Following a plant-based diet does not have to be complicated. If it’s overly complicated it is not sustainable and trying something you can’t sustain is pointless. In short, eat plant-based whole foods and stay away from processed food. Look to eat all kinds of plants. Every meal, all the time. All colors and sizes and as simply prepared as possible. Try to eat organic and opt for locally produced when possible. There’s a million books on this, get your hands on a few of them and follow the advice with regard to recipes and shopping lists. It’s easier than you think. Oh, and if you’re an athlete and worried about protein, you don’t need to be. The research has been done, there’s ways to manage that and the info is available and free of charge.

When I switched to eating plants this happened: Meal prep and cooking time were greatly reduced. Chopping up an avo, a couple of tomatoes and adding veggies like oven roasted butternut and beetroot took mere minutes, leaving me with more time for reading, exercising etc. Sunday lunches used to be a big thing in our house. A leg of lamb would be placed in the oven, cooking for hours on end. Preparing Sunday lunch literally took the whole morning to do. Now instead of standing guard in front of the oven we can actually get out of the house and go do stuff.

Plant-based meals are cheaper to prepare than meat-based meals for example. I live in a country where chicken is considered a vegetable. People here eat meat, and lots of it. Not buying meat has greatly reduced my grocery bill.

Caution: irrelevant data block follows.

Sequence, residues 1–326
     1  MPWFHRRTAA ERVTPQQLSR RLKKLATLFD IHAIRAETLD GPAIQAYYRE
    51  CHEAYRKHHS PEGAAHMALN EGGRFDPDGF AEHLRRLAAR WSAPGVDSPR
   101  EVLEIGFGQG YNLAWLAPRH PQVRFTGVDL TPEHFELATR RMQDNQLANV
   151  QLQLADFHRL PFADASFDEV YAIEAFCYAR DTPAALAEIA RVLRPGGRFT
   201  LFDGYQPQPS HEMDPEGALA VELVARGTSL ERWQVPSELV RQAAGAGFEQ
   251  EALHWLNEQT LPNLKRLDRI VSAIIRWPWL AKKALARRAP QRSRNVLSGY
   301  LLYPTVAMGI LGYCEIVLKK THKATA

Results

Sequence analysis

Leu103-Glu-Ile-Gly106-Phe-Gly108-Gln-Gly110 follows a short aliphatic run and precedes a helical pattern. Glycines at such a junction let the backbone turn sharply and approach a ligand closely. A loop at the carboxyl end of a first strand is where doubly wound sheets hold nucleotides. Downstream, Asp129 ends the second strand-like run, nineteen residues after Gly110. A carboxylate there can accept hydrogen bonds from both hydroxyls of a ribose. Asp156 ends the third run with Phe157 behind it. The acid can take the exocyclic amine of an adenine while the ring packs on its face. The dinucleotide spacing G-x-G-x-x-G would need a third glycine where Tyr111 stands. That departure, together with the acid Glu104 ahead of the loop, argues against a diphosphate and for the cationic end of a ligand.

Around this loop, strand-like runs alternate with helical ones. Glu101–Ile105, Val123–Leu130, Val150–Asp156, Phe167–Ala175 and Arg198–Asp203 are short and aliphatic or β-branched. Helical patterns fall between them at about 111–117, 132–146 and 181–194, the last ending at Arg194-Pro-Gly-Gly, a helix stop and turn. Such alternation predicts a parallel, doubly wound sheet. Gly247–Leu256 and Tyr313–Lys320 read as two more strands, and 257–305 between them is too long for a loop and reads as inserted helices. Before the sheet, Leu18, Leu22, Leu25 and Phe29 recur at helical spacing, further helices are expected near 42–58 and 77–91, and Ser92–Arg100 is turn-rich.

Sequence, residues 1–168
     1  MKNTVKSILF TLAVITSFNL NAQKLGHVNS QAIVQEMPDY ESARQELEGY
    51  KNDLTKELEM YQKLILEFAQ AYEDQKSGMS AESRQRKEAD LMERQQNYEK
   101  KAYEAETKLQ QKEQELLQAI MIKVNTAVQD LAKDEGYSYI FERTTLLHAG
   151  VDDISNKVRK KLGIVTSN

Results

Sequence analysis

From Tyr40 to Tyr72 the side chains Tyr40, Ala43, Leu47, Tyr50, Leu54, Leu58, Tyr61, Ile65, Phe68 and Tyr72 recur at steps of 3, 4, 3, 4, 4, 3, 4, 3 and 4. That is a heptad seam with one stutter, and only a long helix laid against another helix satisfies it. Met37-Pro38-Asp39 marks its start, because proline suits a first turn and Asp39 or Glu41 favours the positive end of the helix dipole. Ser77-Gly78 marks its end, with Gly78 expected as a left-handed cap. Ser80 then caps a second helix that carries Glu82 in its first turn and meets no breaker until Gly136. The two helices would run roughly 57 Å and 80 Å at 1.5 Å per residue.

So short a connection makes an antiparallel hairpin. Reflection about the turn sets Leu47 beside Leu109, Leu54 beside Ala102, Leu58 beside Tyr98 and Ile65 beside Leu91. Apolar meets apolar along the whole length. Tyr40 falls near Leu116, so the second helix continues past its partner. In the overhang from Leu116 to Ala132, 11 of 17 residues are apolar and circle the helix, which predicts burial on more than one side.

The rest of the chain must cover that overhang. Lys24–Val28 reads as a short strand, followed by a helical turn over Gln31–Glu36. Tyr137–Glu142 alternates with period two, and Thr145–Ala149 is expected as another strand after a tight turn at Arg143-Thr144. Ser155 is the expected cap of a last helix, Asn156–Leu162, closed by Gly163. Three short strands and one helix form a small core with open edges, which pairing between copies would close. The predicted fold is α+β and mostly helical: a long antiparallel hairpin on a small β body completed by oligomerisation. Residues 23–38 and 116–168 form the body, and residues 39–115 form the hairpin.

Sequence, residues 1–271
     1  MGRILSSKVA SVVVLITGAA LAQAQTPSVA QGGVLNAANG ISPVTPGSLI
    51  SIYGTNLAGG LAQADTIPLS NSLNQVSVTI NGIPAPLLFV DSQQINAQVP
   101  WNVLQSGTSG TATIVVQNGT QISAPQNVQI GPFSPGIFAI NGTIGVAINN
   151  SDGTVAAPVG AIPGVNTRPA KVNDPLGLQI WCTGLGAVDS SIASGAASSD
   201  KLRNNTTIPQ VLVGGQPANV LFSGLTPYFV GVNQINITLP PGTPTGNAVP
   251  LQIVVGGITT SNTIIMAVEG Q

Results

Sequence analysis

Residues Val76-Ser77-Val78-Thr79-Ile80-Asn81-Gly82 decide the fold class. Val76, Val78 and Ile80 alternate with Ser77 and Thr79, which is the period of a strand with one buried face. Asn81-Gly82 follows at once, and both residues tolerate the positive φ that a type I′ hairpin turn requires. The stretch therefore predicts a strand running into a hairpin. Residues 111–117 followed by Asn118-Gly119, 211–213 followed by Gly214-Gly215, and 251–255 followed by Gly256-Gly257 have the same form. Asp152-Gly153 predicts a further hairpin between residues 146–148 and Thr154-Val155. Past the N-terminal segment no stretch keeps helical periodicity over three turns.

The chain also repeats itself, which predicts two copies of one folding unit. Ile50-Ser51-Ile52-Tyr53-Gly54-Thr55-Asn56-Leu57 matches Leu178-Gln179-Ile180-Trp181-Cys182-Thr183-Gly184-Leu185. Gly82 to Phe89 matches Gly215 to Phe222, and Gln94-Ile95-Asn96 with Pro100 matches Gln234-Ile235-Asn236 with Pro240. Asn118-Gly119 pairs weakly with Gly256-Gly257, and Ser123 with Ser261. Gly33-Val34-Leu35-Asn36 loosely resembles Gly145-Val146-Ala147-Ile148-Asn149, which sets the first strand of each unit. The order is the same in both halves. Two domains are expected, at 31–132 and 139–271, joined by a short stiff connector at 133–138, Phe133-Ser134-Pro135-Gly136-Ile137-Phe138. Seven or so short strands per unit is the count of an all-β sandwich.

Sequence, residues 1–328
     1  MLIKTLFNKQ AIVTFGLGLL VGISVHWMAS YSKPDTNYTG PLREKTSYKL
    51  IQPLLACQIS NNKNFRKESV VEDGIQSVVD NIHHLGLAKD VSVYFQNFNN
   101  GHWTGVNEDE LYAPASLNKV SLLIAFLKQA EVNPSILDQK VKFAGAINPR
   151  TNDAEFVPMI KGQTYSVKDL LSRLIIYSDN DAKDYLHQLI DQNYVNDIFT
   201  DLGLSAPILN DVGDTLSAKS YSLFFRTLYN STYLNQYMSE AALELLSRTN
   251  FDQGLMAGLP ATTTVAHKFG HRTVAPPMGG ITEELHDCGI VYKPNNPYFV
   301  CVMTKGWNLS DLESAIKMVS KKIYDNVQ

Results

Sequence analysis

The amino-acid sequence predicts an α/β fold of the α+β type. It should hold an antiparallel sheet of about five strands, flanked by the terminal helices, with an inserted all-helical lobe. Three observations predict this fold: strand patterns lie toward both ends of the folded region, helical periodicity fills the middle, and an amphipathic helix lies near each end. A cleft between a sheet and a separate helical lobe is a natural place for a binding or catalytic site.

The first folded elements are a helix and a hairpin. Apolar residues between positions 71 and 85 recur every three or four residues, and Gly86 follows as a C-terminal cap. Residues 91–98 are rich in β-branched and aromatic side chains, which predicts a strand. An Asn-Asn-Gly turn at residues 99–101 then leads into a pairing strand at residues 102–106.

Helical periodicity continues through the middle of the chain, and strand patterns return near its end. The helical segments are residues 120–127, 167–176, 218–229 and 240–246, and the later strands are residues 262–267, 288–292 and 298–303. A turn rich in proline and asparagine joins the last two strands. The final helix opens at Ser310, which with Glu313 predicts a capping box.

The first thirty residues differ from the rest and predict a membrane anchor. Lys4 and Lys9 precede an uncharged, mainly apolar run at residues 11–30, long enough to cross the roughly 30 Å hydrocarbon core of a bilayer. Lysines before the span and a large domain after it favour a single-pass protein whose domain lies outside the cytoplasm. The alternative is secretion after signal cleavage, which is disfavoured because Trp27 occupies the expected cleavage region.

I lost the last few stubborn pounds I could not get rid off while eating meals that included animal products. Weight loss was not my greatest motivator and neither should it be yours but running and swimming, and even biking is just so much easier without carrying any ‘excess baggage’. Granted, I’m training harder and longer than ever before, but I’m sustaining it on a plant-based diet. Power increased while weight decreased. The benefits are obvious and more importantly I’m feeling good. A recent visit to my internist confirmed what I was feeling. Reduced cholesterol, reduced uric acid, higher levels of ‘good cholesterol’ etc. Point is I’m fitter, healthier and stronger than ever before. And the numbers confirm it – both in terms of athletic performance and medical evaluations.

For me it was and still is much more than changing the food that goes down my throat. It’s about changing who and how I am. It is as much about long-term wellness as it is about becoming a better person. Eliminating bad habits while at the same time eliminating limiting beliefs. It is about taking on challenges I previously thought was impossible to conquer. It is about slowly but surely unlocking the deep reserves of human potential I, and each one of us, are carrying inside of us and speeding up the journey towards becoming the best and most authentic version of myself. So far so good. I dare you to give it a go.

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johan-s

Professional dad, prone to accepting random challenges of endurance. Novice writer and would-be mountaineer. Firm believer that you can burpee your way to hapiness. I'm not taking myself seriously and neither should you. Trying each day to make less mistakes than yesterday.

One thought on “Making the case for Going Green”

  1. Ek is regtig trots op die pappa wat pappa is, ek kyk op na pappa wat soveel opofferings maak en vasbyt met pappa se besluit. Dankie vir die goeie motiveerder en voorbeeld wat pappa is, vir ons almal.